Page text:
"I haven't had any requests in my parish for the Latin Mass," said the Rev. Doug Lorig, pastor of St. Maria Goretti parish in Scottsdale. He has not heard of any of his parishioners regularly attending the 6:30 a.m. daily Mass at St. Thomas the Apostle in Phoenix or one at 1 p.m. Sundays that typically draws as many as 250 worshipers.
"They haven't asked for it, and I haven't made any kind of offering for it," Lorig said. For priests, he said, it would take extensive training to meet the rubrics and procedures of the Mass not commonly experienced by Catholics in decades. It's much more than just mastering Latin, he said, "You have to learn all the liturgical movements, and everything behind it." Lorig predicted "a lot of priests are going to hesitate, and they certainly aren't going to do it if there is no call for it."
"I don't see a need to see it in every parish," said Betty Bova, a member of St. Bernard of Clairvaux parish in Scottsdale. Those who want the Latin Mass "could travel a little bit and just go to it," she said. If her parish had such a Mass mixed into its weekend schedule, "I would probably attend once just for curiosity and for old-time sake, because when I was little, that is what we did," Bova said.
"I think it's boring," said 82-year-old Mary Douglas of Tempe, a longtime member of St. Mary's parish in Chandler, saying the church should be more concerned with retaining young Catholics. "What can we do to make people to stop leaving the church?"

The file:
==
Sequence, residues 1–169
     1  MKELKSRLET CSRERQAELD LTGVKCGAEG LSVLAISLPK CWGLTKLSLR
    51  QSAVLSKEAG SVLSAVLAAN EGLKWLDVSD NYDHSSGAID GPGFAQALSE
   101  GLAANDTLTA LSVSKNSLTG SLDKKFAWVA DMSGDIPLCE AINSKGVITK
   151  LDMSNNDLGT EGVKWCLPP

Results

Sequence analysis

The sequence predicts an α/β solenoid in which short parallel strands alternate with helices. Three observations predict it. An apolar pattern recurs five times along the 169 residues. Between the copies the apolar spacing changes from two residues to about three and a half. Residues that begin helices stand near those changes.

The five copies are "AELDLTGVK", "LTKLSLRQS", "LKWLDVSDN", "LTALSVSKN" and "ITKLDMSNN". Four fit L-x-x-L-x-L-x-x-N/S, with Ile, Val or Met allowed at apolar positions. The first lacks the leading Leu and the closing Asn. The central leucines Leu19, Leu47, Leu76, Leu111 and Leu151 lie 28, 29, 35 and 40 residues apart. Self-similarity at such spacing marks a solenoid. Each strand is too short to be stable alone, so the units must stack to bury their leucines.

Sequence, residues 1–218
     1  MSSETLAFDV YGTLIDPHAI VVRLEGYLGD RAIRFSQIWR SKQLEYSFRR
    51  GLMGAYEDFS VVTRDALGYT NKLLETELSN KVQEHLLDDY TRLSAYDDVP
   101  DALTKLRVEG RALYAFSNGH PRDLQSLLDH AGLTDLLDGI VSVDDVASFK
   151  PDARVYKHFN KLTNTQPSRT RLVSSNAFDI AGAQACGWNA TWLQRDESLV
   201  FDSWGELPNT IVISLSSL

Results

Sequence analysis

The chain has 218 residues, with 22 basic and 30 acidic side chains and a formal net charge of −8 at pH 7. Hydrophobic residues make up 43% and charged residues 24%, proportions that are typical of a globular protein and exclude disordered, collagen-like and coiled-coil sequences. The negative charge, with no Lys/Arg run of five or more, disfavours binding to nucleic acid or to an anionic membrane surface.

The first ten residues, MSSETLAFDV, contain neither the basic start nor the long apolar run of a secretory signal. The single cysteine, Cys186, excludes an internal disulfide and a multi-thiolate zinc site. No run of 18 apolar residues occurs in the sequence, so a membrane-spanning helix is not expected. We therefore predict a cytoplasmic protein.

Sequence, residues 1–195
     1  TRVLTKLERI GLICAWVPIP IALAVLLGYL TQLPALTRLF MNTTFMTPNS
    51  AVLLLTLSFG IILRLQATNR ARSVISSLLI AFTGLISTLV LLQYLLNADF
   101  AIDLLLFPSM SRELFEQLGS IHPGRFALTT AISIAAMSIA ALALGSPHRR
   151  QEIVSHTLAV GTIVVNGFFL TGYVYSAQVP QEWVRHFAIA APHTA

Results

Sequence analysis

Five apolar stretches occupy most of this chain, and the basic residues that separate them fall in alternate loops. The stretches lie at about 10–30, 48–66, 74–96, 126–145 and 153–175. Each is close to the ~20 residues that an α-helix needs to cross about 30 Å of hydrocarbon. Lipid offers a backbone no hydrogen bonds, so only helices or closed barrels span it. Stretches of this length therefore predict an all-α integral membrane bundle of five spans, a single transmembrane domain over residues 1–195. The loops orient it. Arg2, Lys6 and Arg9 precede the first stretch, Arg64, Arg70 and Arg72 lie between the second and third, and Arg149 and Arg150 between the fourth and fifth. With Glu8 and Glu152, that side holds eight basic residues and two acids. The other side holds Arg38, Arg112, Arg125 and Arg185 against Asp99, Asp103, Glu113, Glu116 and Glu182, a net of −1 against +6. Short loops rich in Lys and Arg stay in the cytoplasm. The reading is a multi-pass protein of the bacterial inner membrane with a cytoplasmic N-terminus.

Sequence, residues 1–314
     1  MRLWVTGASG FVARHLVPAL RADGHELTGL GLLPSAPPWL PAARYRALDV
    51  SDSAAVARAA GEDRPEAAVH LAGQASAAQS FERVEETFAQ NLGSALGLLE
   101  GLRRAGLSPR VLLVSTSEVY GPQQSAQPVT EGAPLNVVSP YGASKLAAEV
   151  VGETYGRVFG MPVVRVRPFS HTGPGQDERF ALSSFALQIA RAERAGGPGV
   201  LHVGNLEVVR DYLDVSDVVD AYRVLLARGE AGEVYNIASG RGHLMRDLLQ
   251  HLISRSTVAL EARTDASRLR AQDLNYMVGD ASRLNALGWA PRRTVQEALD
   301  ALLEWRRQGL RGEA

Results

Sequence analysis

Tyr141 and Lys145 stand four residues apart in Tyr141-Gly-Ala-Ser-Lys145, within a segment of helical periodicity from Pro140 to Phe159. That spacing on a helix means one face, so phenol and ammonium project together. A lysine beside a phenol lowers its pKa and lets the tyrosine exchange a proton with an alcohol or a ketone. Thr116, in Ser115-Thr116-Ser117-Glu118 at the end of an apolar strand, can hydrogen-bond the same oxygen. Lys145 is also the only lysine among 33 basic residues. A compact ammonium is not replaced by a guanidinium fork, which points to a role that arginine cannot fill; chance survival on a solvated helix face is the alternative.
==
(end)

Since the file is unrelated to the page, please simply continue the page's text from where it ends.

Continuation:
Many Catholics cannot even understand the Mass in English, "much less in Latin," said Douglas, who, for many years, has attended St. Mary's Christmas Eve Latin Mass, which she termed a "rewarding experience," nonetheless.
"The big picture is what counts," she stressed. "Why are people leaving? Why do they not attend Mass? Why is Mass boring?"
Allison Walters, a 38-year-old Tempean with St. Andrew the Apostle parish in Chandler, said she hears no call from her Catholic peers for a Latin Mass. "I appreciate it for the history and the charm, how it once was," Walters said. "I would want to attend it once and experience it once, but I wouldn't do it on a regular basis." She said she would take her two children. "They would be bored quicker than me," she predicted.
"You would have to attend it pretty regularly to figure it out," she said, adding that the priest's homily in English now has great meaning to her, but likely she would not make such a connection if she listened to it in Latin.